Belfast Telegraph

Andrew's giant jump for mankind

Billy On The Box

By Billy Weir

It was supposed to be the horses on trial at Badminton over the weekend, but it felt more like men under the microscope as things got under way.

Clare Balding was, naturally enough on the most important date on the equestrian calendar, our host, perched on a small pier in a pair of lovely wellies, not looking like a suffragette, more suffering on a jetty.

"When this event first started in 1949, the winner got a cheque for £150, and now they are presented with the Mitsubishi Motors Trophy and a cheque for £100,000. If they can negotiate all three phases, they will have earned it," she said, as suddenly the camera flew into the air and the drone gave us an aerial view of Clare droning on.

"Eventing is one of the only sports that genuinely gives men and women an equal chance and if you look at the results here you can see it, 62 titles, 28 of them won by women, that is 40%," she argued when no one seemed to have been stoking a gender war in the first place.

I wasn't quite sure what point she was trying to make other than it was a convenient way for the Beeb to show us lots of action from ladies of the past with Lucinda Green (nee, or is that neigh, Prior-Palmer), Virginia Leng (now Elliott) and Pippa Funnell (no name changes to report).

They have 12 titles between them and there were high hopes that someone else would strike a blow for womankind, with Germany's Ingrid Klimke the fancied runner on board a horse called Bob. At least he would be good in the water.

And that is the crux of the matter, most folks couldn't give a monkeys, or a horses for that matter, who wins, man, woman, strategically-shaved orang-utan, as long as there is a chance that someone posh will fall off and land in the water.

"So it could be a woman for the first time in a decade, but if you look at the male contenders, they are so strong," said Clare as the crusade waned a little, as it's hard to get too worked up when one third of an event is performed in a top hat.

"All the horses have to be able to do is dance, because the dressage tests their suppleness, their agility, their obedience and their rhythm," she said. Just four of the reasons why I am not into dressage and also the fact that I am not an equine.

It was also time to say goodbye to commentator Mike Tucker, who was tucking away his mic after the event for a well-earned retirement, and he was our guide through the cross-country, the bit we're all interested in if we're being honest.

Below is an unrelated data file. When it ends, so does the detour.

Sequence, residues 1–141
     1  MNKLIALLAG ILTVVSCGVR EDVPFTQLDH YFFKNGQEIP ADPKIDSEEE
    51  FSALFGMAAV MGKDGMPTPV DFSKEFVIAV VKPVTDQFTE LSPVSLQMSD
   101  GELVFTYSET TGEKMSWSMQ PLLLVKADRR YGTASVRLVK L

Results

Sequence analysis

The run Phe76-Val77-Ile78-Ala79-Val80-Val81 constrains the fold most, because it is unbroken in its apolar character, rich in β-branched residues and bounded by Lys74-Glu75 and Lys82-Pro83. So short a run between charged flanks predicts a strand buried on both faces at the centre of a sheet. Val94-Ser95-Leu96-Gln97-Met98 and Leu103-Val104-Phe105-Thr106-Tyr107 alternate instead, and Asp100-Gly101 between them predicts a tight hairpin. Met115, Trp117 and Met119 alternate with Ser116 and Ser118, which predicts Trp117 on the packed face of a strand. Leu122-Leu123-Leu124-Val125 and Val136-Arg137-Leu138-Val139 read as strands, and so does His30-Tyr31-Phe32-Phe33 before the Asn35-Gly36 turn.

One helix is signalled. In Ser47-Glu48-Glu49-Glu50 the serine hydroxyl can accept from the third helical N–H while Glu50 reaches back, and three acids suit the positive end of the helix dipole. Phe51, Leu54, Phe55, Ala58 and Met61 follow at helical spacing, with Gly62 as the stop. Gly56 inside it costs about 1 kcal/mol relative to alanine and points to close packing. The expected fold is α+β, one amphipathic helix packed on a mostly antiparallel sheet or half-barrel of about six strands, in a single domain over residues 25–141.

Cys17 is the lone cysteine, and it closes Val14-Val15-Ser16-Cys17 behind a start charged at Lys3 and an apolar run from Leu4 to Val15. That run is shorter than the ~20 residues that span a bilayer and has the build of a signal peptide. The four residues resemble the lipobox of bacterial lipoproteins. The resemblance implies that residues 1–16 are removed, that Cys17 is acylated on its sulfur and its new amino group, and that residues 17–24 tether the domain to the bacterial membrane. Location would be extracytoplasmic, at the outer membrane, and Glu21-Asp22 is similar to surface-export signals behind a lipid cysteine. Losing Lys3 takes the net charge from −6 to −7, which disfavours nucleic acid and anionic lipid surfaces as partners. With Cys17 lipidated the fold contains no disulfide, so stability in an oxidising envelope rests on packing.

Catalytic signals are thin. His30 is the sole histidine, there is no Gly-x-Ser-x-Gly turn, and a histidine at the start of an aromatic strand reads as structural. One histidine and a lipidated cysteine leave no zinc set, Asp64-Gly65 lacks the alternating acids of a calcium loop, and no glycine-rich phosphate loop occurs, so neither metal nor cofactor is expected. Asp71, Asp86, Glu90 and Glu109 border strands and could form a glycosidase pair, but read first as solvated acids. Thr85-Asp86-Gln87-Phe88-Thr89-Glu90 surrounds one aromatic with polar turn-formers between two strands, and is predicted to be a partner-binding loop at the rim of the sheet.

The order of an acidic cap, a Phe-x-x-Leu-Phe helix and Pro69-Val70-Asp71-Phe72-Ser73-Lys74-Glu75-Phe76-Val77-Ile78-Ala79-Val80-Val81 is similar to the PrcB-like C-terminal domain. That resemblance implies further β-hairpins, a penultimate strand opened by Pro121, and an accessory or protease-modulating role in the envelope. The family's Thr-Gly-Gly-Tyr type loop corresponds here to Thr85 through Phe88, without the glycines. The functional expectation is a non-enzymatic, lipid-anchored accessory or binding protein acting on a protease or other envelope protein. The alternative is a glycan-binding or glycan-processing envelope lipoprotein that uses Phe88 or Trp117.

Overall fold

This throws up fascinating nuggets of information, such as Mike telling us that next up was "a part-time farrier from Somerset", which could be handy if Clare gets a hole in her wellies, while co-commentator Ian Stark had more unpleasant news regarding the water jump.

"There is a very big log in there," he said and before we had time to be disgusted, up popped Willa Newton on Chance Remark to show the boys how things should be done, only to hear her mount remark there was no chance he was jumping that and promptly dumped her overboard.

And talking of going overboard, Lucinda's daughter, Lissa, was in action too, getting round in one piece but I was distracted at this point as James Sommerville was in action, and this boy from a small town in Yorkshire ended right on his communards as his horse, Talent, suddenly ran out of any, and catapulted him off.

The show of showjumping had to go on though and the final five in contention featured two Germans and three riders from New Zealand, with one of them, Andrew Nicholson on board Nereo, a man made of steel having recovered from a broken neck a couple of years ago.

And off he went, clearing fence after fence in absolute silence to the extent that I thought Mike had called it a day a day early, only for Stark to comment at the end of his clear round that "none of us wanted to speak, none of us wanted to breathe while he was out there".

As for Ingrid and Bob, who I'm sure were characters in The Likely Lads, it didn't go well as the silence was broken by the unmistakeable sound of a horse clattering through many fences and thus it came to pass that Nicholson won his first title at only the 36th time of asking.

It was a big jump for him and Nereo but an even bigger one for mankind.

Belfast Telegraph

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